March 5, 2019 / 5:03 PM / 3 months ago

Banks face squeeze as Libor replacements fall short -BIS

LONDON, March 5 (Reuters) - Replacements for the tarnished Libor interest rate benchmark could squeeze bank funding, with the costs borne by customers, the Bank for International Settlements said on Tuesday.

The London Interbank Offered Rate (Libor) is based on polls of selected banks, and lenders were fined billions of dollars for trying to manipulate their submissions during the financial crisis a decade ago.

Financial contracts ranging from home loans to derivatives and worth about $400 trillion referenced Libor in major currencies in mid-2018.

The Federal Reserve, the Bank of England and other major central banks now publish overnight rates for use instead of Libor. These "risk-free" rates are seen as harder to manipulate as they are based on actual market transactions rather than quotes.

Regulators are piling pressure on banks to use the new rates by the end of 2021.

But the BIS cautioned in its quarterly review that finding a single "Swiss army knife" replacement for Libor to meet all users' needs will not be possible.

Even devising forward or "term" rates based on overnight rates to better mimic the breadth of Libor will not help banks cover marginal funding costs or when they borrow in order to lend.

"A sudden spike in their short-term borrowing rates can pull the rug from under their feet during episodes of financial stringency, squeeze their margins, and subject the system as a whole to broader stress," said Hyun Song Shin, head of research at BIS.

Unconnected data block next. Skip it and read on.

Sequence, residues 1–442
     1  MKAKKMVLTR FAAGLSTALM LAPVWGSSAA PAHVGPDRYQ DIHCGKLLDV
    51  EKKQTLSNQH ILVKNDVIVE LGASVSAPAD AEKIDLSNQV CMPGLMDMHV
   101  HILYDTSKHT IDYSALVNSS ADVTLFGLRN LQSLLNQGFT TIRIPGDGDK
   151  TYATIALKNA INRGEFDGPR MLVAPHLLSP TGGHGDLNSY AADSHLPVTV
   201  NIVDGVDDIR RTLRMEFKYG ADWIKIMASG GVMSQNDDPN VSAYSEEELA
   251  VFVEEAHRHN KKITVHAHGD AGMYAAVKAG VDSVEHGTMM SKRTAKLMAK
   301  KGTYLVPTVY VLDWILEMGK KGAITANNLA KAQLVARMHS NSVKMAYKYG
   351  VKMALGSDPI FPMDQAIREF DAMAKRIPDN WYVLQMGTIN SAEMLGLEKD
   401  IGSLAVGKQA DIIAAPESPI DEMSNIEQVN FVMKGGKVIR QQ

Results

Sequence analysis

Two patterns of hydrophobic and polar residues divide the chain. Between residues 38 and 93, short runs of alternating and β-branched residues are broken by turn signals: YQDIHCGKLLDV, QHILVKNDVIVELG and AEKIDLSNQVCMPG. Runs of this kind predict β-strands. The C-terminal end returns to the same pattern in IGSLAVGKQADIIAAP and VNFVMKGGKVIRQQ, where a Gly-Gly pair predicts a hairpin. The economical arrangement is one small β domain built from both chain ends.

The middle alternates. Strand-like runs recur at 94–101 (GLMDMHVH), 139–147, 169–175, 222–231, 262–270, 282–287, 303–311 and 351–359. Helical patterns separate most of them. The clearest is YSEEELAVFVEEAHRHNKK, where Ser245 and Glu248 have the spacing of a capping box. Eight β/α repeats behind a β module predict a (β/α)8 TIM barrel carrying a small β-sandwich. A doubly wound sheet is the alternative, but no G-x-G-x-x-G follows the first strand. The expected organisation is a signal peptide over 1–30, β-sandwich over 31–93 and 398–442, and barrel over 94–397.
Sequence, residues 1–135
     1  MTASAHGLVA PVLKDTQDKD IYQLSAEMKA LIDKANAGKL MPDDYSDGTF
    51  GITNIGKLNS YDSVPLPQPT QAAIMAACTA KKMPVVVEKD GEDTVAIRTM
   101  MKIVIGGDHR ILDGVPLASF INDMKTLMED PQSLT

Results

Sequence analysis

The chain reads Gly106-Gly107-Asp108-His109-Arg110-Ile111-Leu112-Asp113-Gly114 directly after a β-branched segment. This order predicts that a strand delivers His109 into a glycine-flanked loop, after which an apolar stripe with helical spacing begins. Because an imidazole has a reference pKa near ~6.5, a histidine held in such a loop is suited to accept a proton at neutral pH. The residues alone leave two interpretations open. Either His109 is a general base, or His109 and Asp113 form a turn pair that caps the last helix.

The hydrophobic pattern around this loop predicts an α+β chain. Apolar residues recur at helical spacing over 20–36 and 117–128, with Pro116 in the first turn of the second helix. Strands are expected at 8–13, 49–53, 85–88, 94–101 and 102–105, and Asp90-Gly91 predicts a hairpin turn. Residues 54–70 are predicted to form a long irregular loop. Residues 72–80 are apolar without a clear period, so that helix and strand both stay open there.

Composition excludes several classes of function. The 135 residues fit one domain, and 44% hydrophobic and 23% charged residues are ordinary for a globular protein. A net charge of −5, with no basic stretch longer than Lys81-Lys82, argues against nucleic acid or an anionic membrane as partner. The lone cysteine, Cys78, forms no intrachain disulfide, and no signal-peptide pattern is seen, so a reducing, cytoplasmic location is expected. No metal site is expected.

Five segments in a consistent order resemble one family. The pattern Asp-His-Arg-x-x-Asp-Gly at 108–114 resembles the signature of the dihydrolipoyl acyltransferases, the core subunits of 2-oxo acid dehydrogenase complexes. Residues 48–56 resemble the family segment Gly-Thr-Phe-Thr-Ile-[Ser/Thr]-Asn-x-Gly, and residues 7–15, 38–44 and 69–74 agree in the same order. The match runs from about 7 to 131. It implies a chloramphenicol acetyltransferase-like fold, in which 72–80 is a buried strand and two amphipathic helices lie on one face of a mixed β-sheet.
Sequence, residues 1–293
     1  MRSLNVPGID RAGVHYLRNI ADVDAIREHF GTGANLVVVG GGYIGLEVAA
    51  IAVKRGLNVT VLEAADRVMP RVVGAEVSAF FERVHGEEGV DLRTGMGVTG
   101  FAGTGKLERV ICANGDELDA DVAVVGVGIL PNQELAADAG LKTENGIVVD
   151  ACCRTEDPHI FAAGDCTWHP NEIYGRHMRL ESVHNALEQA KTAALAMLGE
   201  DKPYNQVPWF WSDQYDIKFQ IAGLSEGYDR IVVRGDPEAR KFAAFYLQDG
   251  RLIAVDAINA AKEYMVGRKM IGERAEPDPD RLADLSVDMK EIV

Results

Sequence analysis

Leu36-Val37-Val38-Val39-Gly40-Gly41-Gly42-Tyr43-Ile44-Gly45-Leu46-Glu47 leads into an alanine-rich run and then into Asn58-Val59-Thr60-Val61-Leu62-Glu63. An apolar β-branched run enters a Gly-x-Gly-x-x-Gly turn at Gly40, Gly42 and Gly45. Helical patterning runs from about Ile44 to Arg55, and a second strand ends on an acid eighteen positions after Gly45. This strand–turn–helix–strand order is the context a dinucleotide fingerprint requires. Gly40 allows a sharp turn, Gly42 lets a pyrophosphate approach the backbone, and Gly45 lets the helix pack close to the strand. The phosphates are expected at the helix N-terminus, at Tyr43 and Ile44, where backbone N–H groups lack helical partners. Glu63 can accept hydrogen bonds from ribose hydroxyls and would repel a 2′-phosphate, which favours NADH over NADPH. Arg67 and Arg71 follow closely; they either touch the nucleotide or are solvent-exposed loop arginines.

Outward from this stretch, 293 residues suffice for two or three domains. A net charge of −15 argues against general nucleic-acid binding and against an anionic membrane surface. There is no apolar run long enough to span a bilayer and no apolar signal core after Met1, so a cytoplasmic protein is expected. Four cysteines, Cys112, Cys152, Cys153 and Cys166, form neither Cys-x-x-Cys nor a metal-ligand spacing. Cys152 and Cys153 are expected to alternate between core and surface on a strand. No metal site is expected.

"This may call for a pragmatic and tailored approach. For instance, risk-free rates could be complemented with some forms of credit-sensitive benchmark."

If these risks cannot be adequately hedged, it is likely they would be passed on to clients in one form or another. A number of different benchmark formats could therefore coexist to fulfil a variety of purposes and market needs, it said.

Japan and the euro zone were already taking a "two benchmark" approach by introducing risk-free rates and reforming their region's Libor counterpart to make it harder to manipulate.

"The jury is still out on whether any resulting market segmentation would lead to material costs and inefficiencies, or whether this 'new normal' might actually be optimal."

Britain's Financial Conduct Authority has said banks may not be willing to continue submitting quotes to sterling Libor after the end of 2021, meaning a twin approach there could be harder to achieve.

Reporting by Huw Jones; editing by John Stonestreet

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